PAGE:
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WhatsApp Waited for the Right Buyer and It Might Result In a Bigger Payoff

Facebook’s recent offer to buy WhatsApp for $16 billion is not only unusual because of its high price tag, but because of both companies’ claim that the  synergy between the two companies is the focus behind  the deal. Rather than a focus on the big payoff, there appears to be a shift in the mindset of the owners of these technology companies that’s worth considering. 

Let’s look at an analogy of a family selling their house that they designed and lived in for several years. They have a fabulous mansion that’s in immaculate condition and the owners think they shouldn’t have any problem selling for their high asking price based on their valuation. Soon they discover that only a certain number of people can afford this type of house and, beyond that, each buyer has their own desires as to what to do with the property. For example, one buyer is a developer who just wants the land and another buyer is an extended family with a need for lots of room. Let’s say both buyers are offering the same price. The sellers might not want to sell to the buyer who just wants the property and is going to tear the house down. They want the property to go to the family who will take care of and appreciate the home.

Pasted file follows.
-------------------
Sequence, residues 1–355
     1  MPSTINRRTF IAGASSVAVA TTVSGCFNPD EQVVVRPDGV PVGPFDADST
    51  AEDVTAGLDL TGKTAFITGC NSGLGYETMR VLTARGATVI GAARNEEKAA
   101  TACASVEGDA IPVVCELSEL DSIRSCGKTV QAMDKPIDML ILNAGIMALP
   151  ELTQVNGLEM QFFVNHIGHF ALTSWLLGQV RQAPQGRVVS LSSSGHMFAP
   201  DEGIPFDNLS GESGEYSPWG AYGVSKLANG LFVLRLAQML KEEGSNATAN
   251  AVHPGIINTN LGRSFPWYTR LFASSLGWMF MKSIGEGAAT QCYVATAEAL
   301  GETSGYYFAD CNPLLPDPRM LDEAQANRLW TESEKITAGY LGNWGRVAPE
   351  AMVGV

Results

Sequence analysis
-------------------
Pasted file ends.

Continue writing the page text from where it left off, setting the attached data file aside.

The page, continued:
Should you walk away from a business acquisition offer if you don’t like the direction they want to take your company? Matching buyers and sellers is never easy and that’s a tough decision to make. As noted above, WhatsApp, a company with just 55 employees, originally turned down a $10 billion offer from Google. It's speculated that Google was going to absorb WhatsApp into Google's giant conglomerate of interests, but Facebook is willing to let WhatsApp continue to operate as a separate entity. And even though a company limits itself in potential buyers with a higher price, it seems to have paid off in this case because WhatsApp knew what they wanted – to keep their product and their company structure intact.
 
Jan Koum, a co-founder of WhatsApp, was quoted in a recent NY Times article as saying, “Selling the company is easy.… It happens in Silicon Valley all the time…. That doesn’t make you special, it doesn’t make you unique, it doesn’t make you all that great.” 

The mindset of these tech owners appears to be different. Maybe they’re holding out for something more than money. Only time will tell if this new business attitude will be successful. 

Marc Fogarty, Audit Partner and a member of EisnerAmper's Public Companies, Cleantech and International Services Groups. Marc is experienced in public accounting, serving public and private organizations and has presented on IFRS to professional groups.

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